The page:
To put this into some twisted perspective, the eccentricities of Tony Shalhoub's obsessive-compulsive detective in Monk always seemed to be perfectly reasonable. Excuse me while I grab an antibacterial wipe.
And Dustin Hoffman's idiot savant in Rain Man certainly came off as more together than his brother. By the way, did I mention I'm an excellent driver?
So please forgive me if in the middle of this piece I curl up in a fetal position and start sucking down the business end of a bottle of Dewar's.
Publix is about to literally move my cheese. This is not good for someone who needs to live a somewhat ordered life. I am not happy.
And I don't think I'm alone. I am one of those people who takes comfort in doing roughly the same thing at roughly the same time — every, single, stinking, lousy day.
I like the security of sameness. Some of you might think of this as boring. For the Bombshell of the Balkans, it defines almost 21 years of marriage. And yes, I feel sorry for her, too.
On Saturdays I have a schedule: pick up the dry cleaning at McNatt's, buy the lottery tickets (same store, same numbers — every week), followed by grocery shopping at the Publix at Dale Mabry Highway and Fletcher Avenue and then home in time for Jacques Pépin's cooking show on public television.
By the way, did I mention I'm a man of excitement?
It is bad enough when WEDU completely blows up my schedule by replacing Pépin with some half-baked faux guru peddling self-help scams during fundraising beg-a-thons. But now a cruel, insensitive Publix is about to turn my life into a dark, bottomless pit of despair.
At the end of the month, Publix is closing the Dale Mabry store for several months to remodel. By the way, did I mention this is unacceptable?
Oh sure people like you, reasonable people, might well think: "What's the big deal? There are only 957,845 other Publix markets (and that's just Tampa). Surely I can find another Publix to tide me over while the Dale Mabry store undergoes a facelift."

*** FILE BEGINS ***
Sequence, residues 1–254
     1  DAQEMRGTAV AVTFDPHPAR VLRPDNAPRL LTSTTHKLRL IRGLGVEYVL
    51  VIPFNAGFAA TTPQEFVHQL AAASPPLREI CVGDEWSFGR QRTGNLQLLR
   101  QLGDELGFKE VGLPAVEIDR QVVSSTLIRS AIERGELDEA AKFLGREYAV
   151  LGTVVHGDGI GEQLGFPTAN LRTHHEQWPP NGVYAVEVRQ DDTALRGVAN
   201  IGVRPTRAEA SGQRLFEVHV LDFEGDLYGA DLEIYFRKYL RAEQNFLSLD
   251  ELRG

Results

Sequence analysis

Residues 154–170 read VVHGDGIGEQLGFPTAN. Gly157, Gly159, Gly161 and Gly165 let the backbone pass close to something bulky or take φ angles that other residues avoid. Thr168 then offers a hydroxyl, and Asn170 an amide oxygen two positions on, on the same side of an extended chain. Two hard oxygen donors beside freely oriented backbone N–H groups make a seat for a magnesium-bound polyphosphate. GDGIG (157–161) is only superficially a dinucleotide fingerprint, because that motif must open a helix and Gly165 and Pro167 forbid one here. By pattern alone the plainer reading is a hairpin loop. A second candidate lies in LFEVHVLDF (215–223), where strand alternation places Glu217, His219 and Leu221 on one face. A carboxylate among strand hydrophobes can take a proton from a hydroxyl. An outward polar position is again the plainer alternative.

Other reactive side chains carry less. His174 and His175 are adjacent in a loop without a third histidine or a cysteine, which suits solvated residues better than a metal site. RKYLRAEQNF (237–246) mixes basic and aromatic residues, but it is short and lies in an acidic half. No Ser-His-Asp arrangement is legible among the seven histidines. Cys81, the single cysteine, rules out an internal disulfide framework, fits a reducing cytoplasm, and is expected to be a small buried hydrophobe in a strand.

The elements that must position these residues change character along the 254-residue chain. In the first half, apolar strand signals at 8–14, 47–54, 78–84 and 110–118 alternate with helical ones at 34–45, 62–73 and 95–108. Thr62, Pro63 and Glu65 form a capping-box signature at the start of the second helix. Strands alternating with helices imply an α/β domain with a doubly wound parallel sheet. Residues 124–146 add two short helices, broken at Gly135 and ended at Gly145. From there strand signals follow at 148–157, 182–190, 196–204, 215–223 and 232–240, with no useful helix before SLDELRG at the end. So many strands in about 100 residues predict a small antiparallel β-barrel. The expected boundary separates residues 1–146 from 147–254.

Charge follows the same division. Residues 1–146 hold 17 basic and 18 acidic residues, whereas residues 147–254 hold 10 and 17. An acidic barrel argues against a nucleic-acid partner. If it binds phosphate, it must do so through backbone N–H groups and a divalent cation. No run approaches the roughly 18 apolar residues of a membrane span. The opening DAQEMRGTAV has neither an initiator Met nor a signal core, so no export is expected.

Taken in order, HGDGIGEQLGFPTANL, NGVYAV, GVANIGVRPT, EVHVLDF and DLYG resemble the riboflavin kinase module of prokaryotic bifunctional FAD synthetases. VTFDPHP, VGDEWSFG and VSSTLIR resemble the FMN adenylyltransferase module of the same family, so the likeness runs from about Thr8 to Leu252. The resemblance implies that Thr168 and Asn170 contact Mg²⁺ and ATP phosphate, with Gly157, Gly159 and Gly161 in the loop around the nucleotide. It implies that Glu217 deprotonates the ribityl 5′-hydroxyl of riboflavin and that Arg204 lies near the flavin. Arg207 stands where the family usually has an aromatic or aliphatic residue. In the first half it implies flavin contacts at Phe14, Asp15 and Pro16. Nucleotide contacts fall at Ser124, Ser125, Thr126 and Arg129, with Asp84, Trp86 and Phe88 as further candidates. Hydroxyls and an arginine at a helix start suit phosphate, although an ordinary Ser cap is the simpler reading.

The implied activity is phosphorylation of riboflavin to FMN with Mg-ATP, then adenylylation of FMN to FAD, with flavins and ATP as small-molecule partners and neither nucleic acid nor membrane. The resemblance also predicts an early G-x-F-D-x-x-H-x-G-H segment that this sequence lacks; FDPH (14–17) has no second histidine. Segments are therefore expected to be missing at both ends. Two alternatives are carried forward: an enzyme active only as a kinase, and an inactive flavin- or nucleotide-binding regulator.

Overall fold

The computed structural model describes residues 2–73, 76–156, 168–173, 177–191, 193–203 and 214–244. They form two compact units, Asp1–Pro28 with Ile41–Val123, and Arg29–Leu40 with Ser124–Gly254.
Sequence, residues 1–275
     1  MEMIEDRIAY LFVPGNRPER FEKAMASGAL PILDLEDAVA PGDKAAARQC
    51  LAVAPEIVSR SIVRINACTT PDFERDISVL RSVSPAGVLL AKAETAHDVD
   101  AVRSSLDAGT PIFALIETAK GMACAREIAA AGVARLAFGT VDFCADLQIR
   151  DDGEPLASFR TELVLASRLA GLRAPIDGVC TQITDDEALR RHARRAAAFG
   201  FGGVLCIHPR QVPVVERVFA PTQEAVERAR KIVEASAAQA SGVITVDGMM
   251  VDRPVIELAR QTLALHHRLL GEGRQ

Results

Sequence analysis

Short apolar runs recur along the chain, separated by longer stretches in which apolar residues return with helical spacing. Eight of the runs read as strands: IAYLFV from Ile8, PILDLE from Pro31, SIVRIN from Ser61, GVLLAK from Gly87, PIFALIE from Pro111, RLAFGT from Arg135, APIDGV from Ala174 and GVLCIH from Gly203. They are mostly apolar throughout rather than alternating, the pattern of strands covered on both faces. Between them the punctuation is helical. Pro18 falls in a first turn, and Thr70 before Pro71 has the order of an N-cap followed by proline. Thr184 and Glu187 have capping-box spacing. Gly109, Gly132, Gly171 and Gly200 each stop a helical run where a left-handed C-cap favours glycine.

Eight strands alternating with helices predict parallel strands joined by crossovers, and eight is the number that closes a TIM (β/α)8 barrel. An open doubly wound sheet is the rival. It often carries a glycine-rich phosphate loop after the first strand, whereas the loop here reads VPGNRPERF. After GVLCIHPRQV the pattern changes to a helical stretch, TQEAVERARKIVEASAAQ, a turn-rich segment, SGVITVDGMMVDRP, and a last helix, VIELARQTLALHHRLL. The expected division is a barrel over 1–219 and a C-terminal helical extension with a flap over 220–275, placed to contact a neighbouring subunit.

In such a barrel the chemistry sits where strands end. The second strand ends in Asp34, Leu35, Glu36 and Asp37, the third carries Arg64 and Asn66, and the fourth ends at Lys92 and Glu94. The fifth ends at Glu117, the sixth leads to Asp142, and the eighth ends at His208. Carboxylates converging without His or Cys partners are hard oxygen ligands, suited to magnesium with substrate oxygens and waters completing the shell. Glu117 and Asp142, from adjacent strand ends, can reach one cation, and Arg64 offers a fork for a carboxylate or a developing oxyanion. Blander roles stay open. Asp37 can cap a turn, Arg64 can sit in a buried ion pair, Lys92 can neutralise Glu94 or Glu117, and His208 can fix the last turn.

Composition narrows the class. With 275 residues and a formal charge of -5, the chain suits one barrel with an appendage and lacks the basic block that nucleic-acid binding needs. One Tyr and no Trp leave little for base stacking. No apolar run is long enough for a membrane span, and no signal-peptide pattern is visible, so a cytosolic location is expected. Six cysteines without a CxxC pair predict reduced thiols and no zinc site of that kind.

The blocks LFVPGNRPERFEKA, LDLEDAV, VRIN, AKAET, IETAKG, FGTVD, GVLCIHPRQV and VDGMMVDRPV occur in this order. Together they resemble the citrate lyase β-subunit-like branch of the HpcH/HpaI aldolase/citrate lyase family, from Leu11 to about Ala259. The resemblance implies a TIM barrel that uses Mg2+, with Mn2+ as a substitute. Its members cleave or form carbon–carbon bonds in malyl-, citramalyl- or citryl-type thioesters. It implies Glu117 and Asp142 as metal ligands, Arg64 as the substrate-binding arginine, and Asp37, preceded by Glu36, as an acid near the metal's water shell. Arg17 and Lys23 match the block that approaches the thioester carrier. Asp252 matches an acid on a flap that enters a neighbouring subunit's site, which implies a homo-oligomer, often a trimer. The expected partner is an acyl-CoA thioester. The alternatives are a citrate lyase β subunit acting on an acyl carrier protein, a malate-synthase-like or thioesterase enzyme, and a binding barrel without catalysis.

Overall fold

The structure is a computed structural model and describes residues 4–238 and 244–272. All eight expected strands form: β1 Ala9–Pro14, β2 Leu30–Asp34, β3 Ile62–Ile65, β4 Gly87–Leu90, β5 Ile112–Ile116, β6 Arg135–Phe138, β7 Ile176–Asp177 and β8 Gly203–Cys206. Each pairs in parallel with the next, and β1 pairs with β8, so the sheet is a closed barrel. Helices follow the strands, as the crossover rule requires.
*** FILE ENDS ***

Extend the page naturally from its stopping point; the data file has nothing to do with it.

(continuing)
This sort of addled thinking completely misses the point.
I like my Publix just as it is, just where it is. Even worse, in a few weeks I'll have to begin auditions to find a new one. And that means I'll have to start going into strange, different markets at other locations. I will have to refamiliarize myself with where all the food is. I might have to approach someone and ask where I can find the frozen pizza. I will have to change my routine, my schedule. How do people live like this?
This is a crisis of produce. Well, okay, if you insist, this is also probably a crisis born of being a bit cainotophobic, or having an anxiety over newness, because let's face it, nothing good can ever come from changing stuff around — especially the dairy section.
For those customers whose carefully structured patterns of life are being turned into a shambles by Publix's indifference to human suffering, the company has an obligation to see us through months of uncertainty as we roam the moors of Hillsborough County looking in vain for an alternative grocery — and waiting for the exile to end.
Perhaps it might be possible to visit the store during the remodeling, just to look in the window and remember the old days.
Whoever said the more things change, the more they stay the same never went grocery shopping with me. Not that I could ever put up with that anyway.